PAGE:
A former British Army officer turned adventurer has died just days after abandoning his attempt to cross Antarctica alone. 

Henry Worsley's family said Monday that he had died "following complete organ failure" at a clinic in Punta Arenas, Chile. He was 55.

Sky News reported that Worsley had bacterial peritonitis, which occurs when the tissue lining the abdomen becomes infected. 

Worsley was just 30 miles from the end of the almost 1,000-mile trek when he called for help and was airlifted off the ice Friday. He had covered more than 900 miles in 71 days, pulling supplies on a sled, while attempting to complete Ernest Shackleton's unfinished South Pole expedition of a century ago.

Worsley's wife Joanna said the expedition had raised more than $140,000 for wounded troops.

In his final statement sent from Antarctica, Worsley described his sadness at having to pull out so close to the finish.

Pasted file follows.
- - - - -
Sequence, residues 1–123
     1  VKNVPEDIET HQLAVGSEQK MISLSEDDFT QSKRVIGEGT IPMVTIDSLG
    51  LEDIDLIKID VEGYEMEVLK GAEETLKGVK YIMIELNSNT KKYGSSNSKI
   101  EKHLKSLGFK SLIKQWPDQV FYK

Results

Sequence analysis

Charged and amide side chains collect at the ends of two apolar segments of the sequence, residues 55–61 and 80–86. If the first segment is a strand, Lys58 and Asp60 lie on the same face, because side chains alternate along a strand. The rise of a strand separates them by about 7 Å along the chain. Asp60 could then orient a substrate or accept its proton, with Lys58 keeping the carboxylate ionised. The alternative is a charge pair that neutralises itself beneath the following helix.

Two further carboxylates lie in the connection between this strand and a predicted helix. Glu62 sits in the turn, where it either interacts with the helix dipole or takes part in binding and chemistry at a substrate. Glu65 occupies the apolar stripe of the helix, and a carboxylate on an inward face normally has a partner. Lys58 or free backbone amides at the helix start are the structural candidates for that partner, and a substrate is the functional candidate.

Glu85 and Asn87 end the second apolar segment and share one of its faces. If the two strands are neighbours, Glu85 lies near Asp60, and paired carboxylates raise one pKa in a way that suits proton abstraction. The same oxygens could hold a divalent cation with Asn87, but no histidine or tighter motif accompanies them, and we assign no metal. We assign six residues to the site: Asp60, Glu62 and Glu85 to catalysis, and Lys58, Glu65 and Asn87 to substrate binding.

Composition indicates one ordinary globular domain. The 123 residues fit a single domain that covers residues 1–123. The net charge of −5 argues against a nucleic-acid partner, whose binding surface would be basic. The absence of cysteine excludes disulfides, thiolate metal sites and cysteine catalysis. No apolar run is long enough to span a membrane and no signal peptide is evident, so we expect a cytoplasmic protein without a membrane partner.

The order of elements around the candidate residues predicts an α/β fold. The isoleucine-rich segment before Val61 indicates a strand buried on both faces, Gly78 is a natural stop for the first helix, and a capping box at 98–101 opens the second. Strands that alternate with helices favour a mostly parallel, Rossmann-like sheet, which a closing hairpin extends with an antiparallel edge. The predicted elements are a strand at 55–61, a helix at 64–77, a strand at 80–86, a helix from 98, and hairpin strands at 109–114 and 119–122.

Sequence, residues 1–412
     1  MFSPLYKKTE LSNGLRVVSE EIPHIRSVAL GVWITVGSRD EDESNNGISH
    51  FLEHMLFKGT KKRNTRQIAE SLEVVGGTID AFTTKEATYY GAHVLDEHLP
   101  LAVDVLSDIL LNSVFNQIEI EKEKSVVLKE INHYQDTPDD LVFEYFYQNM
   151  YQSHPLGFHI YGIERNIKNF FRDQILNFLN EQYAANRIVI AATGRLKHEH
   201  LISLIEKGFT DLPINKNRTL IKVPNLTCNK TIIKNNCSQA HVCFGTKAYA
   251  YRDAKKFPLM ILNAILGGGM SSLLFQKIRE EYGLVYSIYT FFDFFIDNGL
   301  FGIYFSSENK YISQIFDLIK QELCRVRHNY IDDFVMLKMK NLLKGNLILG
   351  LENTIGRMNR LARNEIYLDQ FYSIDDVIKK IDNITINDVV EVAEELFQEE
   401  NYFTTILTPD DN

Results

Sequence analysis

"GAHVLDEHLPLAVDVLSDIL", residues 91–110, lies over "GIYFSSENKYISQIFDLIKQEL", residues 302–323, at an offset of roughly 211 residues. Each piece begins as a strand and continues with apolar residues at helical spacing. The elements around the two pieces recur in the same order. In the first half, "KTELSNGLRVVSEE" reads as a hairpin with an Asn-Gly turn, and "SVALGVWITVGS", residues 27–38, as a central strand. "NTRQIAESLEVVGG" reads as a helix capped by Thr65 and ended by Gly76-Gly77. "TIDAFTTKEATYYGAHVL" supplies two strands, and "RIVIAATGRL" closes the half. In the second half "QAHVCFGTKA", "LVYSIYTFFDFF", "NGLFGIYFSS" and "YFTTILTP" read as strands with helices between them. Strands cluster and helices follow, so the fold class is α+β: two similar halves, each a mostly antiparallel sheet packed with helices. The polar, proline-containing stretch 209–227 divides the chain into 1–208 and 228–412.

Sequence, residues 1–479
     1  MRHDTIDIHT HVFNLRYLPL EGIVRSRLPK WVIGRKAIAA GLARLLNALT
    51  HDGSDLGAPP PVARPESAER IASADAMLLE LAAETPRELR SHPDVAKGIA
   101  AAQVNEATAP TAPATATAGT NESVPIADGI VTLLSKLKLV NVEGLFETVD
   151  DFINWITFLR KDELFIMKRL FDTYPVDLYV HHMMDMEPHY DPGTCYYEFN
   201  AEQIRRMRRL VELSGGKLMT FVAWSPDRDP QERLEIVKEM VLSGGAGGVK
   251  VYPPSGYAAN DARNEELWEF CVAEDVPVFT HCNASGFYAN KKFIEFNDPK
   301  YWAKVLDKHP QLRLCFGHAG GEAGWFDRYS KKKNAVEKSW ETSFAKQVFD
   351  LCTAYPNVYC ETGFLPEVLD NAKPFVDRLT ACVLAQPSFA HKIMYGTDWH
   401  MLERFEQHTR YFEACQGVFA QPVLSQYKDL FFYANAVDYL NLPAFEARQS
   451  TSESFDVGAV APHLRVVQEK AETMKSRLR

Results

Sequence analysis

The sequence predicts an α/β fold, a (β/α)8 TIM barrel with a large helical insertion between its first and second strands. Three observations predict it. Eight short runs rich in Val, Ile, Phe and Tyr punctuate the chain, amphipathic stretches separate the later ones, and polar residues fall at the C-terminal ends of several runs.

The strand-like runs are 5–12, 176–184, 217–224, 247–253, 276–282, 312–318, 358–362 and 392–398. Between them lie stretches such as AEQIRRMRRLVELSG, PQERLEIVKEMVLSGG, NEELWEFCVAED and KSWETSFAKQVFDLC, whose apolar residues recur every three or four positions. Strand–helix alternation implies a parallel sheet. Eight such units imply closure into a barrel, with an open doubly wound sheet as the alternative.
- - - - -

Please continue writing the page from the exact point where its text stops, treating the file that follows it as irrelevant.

"The 71 days alone on the Antarctic with over 900 statute miles covered and a gradual grinding down of my physical endurance finally took its toll today, and it is with sadness that I report it is journey's end -- so close to my goal," Worsley said.

The adventurer also said that after having been a career soldier for 36 years, the focus of his trek was "giving back to those far less fortunate than me."

Prince William said he and his brother had "lost a friend" and paid tribute to Worsley's "selfless commitment" to his fellow servicemen and women.

"[Prince] Harry and I are very sad to hear of the loss of Henry Worsley. He was a man who showed great courage and determination and we are incredibly proud to be associated with him," he said in a statement.

The Associated Press contributed to this report.

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